Example attack scenarios 

Scenario #1: in this scenario, an attacker takes advantage of the error messages generated by a large language model (LLM) to obtain sensitive information or gain insights into system details. Armed with this knowledge, the attacker can launch targeted attacks or exploit known vulnerabilities, compromising the overall security of the system.

Scenario #2: in this case, a developer unintentionally exposes debugging information in a production environment. This oversight creates an opportunity for attackers to identify potential attack vectors or vulnerabilities within the system. Exploiting this exposed debugging information, attackers can potentially gain unauthorized access or engage in malicious activities that compromise the system’s security.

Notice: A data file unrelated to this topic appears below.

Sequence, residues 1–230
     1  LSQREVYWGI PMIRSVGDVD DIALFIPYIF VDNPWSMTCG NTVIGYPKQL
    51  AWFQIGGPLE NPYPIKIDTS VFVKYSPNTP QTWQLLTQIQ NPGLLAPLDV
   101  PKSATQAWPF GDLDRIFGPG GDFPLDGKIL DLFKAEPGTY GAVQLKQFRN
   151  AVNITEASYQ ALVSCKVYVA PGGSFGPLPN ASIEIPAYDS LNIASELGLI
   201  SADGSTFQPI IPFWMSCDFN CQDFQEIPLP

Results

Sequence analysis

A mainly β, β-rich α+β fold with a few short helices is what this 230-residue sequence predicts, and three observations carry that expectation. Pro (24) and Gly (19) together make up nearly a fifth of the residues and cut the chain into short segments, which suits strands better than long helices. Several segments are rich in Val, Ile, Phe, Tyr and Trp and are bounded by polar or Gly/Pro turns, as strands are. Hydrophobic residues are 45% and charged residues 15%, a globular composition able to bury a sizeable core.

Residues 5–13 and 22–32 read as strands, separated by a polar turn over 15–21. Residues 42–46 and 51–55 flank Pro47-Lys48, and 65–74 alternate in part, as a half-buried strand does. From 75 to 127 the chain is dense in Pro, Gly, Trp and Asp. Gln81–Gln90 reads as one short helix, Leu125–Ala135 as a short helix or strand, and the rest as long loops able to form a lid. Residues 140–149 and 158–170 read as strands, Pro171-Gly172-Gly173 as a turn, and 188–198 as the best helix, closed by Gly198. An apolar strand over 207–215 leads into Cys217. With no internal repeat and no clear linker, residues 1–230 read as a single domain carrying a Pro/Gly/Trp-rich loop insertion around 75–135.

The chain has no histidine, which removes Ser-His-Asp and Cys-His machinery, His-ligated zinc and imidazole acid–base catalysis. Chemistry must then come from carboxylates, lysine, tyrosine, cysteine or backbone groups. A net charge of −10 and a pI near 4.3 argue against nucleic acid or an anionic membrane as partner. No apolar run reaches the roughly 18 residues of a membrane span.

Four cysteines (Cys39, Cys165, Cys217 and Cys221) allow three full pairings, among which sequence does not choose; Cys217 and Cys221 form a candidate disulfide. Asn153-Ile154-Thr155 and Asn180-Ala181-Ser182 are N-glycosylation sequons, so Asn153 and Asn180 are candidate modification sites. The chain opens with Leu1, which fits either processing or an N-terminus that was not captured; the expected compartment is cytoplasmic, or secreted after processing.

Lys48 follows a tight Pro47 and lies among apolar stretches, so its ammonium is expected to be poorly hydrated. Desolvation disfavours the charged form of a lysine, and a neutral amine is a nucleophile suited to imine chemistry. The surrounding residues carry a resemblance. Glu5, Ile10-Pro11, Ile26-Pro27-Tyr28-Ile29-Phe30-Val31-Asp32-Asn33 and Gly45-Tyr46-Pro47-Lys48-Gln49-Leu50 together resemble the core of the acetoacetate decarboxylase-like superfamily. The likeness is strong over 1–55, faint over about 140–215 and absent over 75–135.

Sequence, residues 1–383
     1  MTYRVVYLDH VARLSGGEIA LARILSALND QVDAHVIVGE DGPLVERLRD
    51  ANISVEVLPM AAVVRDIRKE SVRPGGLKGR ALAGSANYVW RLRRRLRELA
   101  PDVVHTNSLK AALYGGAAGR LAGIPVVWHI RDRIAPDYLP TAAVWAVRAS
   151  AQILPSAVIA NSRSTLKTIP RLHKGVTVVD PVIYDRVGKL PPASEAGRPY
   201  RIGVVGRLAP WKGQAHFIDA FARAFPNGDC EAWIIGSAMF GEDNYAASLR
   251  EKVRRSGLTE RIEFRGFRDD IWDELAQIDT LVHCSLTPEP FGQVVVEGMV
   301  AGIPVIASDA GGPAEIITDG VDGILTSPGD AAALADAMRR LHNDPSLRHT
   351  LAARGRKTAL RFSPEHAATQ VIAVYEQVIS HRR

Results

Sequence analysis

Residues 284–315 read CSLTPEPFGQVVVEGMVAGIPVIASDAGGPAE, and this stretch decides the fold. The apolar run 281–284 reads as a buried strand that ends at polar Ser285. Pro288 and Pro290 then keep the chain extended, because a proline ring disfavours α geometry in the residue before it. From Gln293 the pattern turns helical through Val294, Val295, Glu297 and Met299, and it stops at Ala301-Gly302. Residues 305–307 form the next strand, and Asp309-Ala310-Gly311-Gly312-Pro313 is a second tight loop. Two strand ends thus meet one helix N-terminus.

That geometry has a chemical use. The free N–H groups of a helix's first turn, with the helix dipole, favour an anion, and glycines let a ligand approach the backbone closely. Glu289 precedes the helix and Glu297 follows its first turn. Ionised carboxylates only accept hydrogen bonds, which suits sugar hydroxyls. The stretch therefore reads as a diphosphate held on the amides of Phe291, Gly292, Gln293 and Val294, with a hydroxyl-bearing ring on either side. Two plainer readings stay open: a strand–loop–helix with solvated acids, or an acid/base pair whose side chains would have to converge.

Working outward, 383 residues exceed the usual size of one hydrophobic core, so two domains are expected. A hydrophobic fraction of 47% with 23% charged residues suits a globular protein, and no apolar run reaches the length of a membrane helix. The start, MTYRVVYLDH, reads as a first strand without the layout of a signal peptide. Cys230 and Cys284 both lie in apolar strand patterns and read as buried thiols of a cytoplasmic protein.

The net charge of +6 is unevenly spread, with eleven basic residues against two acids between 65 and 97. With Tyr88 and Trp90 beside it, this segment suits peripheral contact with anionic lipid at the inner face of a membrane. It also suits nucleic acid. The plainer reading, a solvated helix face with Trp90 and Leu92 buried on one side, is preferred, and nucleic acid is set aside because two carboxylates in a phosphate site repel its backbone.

How to prevent improper error handling 

To enhance the security of the system, specific measures must be taken. A crucial step is addressing default error handlers that often reveal excessive information to users. By identifying and replacing these default error handlers with more secure alternatives, the overall security of the system can be significantly improved. When detailed error messages are necessary for developers, it becomes essential to implement a secure error handler. This type of error handler logs error details while presenting users with user-friendly messages that avoid exposing sensitive information.

To ensure effective error handling, consider the following actions:

  1. Implement robust error handling mechanisms to gracefully catch, log, and handle errors.

  2. Ensure that error messages and debugging information do not disclose sensitive information or system details. Consider using generic error messages for users while logging detailed error information for developers and administrators.